• A self-learning part that comprises a further list. This is created dynamically as, in the attempt to establish mobile data roaming, the mobile data unit fails or succeeds with each operator change. Each time the mobile data unit has to establish a mobile data session (i.e. at restarts or when the mobile data service is lost), a check is made (by asking the mobile data module) of the operators available in the current area. If they are not already there, the available operators are entered into the dynamic list. Before an operator is added to the dynamic list, the configuration list downloaded from the server is checked to see whether use of the operator is permitted. The weighting is also copied into the dynamic list. Next, the operator with the highest priority in the dynamic list is retrieved. The mobile data unit then attempts to establish a mobile data session with this selected operator. If it fails to connect to the operator or to set up a session, the operator's priority is adjusted downwards by altering the weighting. In this way, the dynamic list's prioritisation has a self-learning function (inasmuch as the value that indicates priority contains an empirical measure of how well an operator functions in a certain country). The dynamic list thus has the following fields:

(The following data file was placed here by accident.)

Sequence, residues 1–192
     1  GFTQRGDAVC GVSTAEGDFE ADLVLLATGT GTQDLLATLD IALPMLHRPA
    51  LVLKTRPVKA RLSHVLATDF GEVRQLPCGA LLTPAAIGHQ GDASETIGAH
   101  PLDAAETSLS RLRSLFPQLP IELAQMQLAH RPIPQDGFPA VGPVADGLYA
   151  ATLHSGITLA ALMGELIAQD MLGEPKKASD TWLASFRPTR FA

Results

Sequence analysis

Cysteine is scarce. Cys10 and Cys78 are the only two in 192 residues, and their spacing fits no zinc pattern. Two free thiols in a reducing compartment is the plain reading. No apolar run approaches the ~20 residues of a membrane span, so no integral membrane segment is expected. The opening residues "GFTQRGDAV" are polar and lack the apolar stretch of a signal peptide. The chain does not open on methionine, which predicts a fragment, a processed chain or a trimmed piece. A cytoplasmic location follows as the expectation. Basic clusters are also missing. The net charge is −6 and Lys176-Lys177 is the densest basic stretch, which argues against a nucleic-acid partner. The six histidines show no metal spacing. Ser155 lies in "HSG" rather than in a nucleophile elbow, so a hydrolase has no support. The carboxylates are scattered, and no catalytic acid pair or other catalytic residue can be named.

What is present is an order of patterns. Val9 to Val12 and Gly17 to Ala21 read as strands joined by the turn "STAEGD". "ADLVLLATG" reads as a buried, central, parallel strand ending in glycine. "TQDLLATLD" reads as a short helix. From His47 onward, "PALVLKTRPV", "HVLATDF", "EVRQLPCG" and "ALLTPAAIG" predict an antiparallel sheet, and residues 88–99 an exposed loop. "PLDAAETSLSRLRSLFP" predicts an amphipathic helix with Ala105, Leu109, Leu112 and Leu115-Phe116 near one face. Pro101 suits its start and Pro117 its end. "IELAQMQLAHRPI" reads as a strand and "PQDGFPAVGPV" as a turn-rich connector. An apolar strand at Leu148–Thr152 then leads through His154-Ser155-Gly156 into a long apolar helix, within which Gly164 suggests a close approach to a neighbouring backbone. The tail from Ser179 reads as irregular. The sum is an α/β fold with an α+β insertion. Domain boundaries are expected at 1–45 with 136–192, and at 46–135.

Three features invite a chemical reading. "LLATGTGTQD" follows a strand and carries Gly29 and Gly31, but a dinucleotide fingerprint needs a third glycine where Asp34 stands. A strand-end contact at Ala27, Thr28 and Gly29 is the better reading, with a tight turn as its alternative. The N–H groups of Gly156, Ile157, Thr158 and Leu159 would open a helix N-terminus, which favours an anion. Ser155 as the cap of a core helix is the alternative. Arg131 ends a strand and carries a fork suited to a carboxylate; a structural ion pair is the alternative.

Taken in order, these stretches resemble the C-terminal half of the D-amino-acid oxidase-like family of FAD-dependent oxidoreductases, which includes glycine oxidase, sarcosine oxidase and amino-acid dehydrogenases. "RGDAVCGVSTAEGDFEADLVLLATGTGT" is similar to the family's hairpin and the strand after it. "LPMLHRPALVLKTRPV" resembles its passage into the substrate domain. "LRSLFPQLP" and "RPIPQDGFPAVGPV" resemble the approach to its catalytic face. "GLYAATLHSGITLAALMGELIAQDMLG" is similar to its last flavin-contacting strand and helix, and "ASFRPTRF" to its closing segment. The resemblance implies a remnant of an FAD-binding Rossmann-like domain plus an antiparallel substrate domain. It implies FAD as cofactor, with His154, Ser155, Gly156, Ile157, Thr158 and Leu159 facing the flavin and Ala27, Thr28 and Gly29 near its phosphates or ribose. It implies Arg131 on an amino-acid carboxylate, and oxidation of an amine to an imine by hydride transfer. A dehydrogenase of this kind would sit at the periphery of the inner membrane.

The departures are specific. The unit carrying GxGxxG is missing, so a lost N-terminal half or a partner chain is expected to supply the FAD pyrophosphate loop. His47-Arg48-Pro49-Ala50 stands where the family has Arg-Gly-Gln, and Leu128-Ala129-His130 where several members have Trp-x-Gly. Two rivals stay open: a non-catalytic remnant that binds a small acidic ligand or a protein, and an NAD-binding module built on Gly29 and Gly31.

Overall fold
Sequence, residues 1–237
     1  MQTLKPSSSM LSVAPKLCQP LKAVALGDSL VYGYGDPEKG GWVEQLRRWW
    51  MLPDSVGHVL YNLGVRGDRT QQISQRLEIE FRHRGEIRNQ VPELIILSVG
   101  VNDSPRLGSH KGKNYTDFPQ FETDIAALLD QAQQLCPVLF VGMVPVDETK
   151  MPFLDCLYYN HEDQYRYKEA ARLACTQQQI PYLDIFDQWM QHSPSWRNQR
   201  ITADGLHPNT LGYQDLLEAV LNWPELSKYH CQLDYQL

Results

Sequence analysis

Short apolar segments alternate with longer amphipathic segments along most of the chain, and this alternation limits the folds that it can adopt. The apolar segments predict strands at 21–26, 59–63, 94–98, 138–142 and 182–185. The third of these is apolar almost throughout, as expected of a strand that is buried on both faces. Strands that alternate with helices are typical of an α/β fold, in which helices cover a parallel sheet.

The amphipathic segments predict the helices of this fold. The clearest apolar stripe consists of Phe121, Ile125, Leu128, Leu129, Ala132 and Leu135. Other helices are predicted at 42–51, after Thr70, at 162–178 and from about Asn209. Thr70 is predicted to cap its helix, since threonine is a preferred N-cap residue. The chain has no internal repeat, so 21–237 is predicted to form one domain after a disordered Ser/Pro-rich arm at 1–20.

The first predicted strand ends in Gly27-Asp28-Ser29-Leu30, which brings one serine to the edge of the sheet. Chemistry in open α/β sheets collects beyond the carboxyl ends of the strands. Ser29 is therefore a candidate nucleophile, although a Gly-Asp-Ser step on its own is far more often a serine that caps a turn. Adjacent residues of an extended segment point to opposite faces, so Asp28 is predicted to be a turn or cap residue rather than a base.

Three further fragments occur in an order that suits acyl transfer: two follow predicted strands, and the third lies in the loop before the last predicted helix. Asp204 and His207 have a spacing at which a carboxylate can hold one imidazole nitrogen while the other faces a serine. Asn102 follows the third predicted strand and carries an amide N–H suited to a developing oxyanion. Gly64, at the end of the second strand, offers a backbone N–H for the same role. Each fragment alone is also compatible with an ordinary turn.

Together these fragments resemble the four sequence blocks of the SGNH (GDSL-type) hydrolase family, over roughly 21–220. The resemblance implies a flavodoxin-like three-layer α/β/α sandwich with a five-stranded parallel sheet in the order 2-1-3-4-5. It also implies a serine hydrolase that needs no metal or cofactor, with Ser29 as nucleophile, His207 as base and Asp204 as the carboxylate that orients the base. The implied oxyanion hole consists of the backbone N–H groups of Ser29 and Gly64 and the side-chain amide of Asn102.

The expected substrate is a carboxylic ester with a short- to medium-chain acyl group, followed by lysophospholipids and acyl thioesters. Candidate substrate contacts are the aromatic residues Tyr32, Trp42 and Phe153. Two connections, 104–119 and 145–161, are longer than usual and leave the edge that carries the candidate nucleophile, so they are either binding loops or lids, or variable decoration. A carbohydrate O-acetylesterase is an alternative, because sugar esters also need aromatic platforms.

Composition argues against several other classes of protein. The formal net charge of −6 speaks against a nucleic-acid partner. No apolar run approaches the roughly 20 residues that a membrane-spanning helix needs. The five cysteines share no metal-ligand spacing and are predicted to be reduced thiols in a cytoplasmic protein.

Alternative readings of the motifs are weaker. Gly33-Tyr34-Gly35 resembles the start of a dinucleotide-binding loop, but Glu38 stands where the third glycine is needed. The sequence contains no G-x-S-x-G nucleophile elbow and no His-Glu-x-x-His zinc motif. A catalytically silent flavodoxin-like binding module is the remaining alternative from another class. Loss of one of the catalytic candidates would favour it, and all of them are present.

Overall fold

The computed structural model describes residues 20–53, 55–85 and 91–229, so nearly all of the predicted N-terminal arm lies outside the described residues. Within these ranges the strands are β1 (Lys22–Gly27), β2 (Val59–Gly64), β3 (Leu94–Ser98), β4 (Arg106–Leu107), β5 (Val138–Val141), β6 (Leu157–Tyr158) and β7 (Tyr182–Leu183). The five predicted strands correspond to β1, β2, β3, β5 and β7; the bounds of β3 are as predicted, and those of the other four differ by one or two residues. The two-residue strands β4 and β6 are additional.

• Operator code
      • “Blocked flag”
      • Weighting
      • Priority

One function that is of great importance for mobile applications is the possibility of limiting the current drawn by the mobile data unit when it is using a battery as its sole power source. This is based on two (configurable) levels being downloaded from a server. These set:

    • The voltage level to start the mobile data unit when it has gone into a power management mode.
    • The voltage level to go into a power management mode.

Where the function is activated in the configuration downloaded from the server, the mobile data unit continuously monitors the voltage level of the source from which it takes its power. When the voltage feed falls below the level set in the configuration downloaded from the server, the mobile data unit signals the server that it is going into a power management mode. All the mobile data unit's unnecessary power-consuming functions (e.g. main processor, mobile module, other interfaces, etc.) are shut down and only a minimum number of components are allowed to be energised. These are the components necessary for monitoring voltage levels and alarm inputs. They also handle restarting of all the mobile data unit's essential functions